Skip to main content

Scout Resumes Full Production

Scout builds the 530 LXF in Plant D, which continued operations while production was paused at the company’s other plants.

Scout builds the 530 LXF in Plant D, which continued operations while production was paused at the company’s other plants.

Scout Boats is building across its entire lineup in Summerville, S.C., after pausing production of some models while it implemented guidelines issued by the Centers for Disease Control.

“Our thoughts and prayers continue to go out to everyone affected by this pandemic, and those on the front lines tirelessly helping to see us through this crisis day in and day out,” vice president and COO Dave Wallace told Trade Only Today. “At Scout, we are balancing the need to manage the crisis while also preparing for new challenges and opportunity. Rest assured, this will pass, and we will turn this horrible situation into an opportunity.”

Gov. Henry McMaster (R) did not issue stay-at-home orders for manufacturing operations in South Carolina, Wallace said. However, Scout voluntarily paused production in areas of its operations where it was proving difficult to maintain social distancing. That went into effect March 27.

“The areas where we maintained production were our Plant D operations that produce the 380, 420 and 530 LXF,” Wallace said. “This plant is very large, and it allowed us to separate our employees appropriately. We also continued to work engineering, customer service, R&D and new-product development. In fact, we were able to add staff to new-product development in anticipation of our upcoming opportunity.”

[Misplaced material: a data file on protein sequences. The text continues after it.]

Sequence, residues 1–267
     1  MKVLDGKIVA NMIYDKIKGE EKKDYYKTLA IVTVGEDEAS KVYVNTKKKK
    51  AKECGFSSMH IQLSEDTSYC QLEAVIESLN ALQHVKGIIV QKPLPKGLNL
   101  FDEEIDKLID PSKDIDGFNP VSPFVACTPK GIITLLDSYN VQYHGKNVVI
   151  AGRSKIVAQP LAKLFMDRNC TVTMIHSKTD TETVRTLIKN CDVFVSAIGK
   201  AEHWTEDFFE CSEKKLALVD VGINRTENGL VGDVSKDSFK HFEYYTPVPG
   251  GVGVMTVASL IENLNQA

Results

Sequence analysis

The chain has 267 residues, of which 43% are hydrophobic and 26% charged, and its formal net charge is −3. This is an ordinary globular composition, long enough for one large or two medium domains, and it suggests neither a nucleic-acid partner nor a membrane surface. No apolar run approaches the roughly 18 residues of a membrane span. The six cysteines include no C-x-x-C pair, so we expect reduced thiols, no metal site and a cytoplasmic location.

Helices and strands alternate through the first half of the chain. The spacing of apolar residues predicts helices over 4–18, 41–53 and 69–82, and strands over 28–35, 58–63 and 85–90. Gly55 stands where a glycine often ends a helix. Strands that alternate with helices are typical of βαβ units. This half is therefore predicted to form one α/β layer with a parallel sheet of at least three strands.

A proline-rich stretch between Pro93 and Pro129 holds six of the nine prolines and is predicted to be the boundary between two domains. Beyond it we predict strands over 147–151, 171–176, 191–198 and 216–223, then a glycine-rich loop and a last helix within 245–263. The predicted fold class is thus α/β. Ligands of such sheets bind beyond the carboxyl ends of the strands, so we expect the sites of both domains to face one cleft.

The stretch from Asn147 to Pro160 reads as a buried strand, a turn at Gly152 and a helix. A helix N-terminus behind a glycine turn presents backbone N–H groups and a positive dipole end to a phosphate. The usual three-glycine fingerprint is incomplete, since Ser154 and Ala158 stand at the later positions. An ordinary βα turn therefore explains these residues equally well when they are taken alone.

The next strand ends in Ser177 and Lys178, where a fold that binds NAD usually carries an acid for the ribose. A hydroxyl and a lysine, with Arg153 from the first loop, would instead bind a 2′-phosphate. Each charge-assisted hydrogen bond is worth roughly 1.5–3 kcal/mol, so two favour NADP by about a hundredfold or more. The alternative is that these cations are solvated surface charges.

Scout’s safety and compliance team applied strict CDC protocols throughout the company’s entire operation, Wallace said. “These are aimed at ensuring continued protection to our employees as we are gaining strength and back at full capacity,” he said.

Most of the team was back to work and operations resumed April 14.

“Our founder and CEO Steve Potts said it best recently: ‘90 percent of people sense fear with apprehension, anxiety and surrender. Ten percent sense fear as a challenge, fight and conquer. I’ve always looked at the opportunities and choose the 10 percent group,’ ” Wallace said. “Our Scout family shares in those feelings.”

Being family-owned gives Scout flexibility and agility, Wallace said. “Our leadership team has the drive and the mental toughness necessary to meet the challenging days ahead,” he said. “We have stepped up our online marketing and extended our boat show incentives. Boats will continue to sell during these times, and there will be pent-up demand on the back side, of which ourselves and our dealer network are poised and ready for.

“We are confident that Scout, our Class A dealer network who represent our brand all over the world and our incredible vendor partners will not only prevail through this pandemic but emerge even stronger than ever in the future,” Wallace added.


“Let-us” Save the Manatees

Florida conservation agencies are serving lettuce to manatees in response to mass die-offs of sea grass beds.

Benoît Verley Named President of Brunswick’s Venture Boat Group

Verley succeeds Keith Yunger, who was named Sea Ray president last October.

MMTA Honors Industry Veteran Larry Russo, Sr.

Larry Russo Sr., industry leader and former owner of Russo Marine, was presented with the Frank Farrell Distinguished Service Award by the Massachusetts Marine Trades Association.

Passagemaker Names New Editor-in-Chief

Former Soundings Trade Only editor-in-chief Jeff Moser will take the helm of the long-running marine title.

Mercury Introduces Joystick Piloting for Single-Outboard Pontoons

Only previously available on multi-outboard boats, joystick piloting now will be offered for single-outboard pontoon boats.

U.S. and U.K. to Discuss Retaliatory Tariffs on U.S. Boat Imports.

The nations plan to negotiate retaliatory tariffs on U.S.-made boats entering the United Kingdom.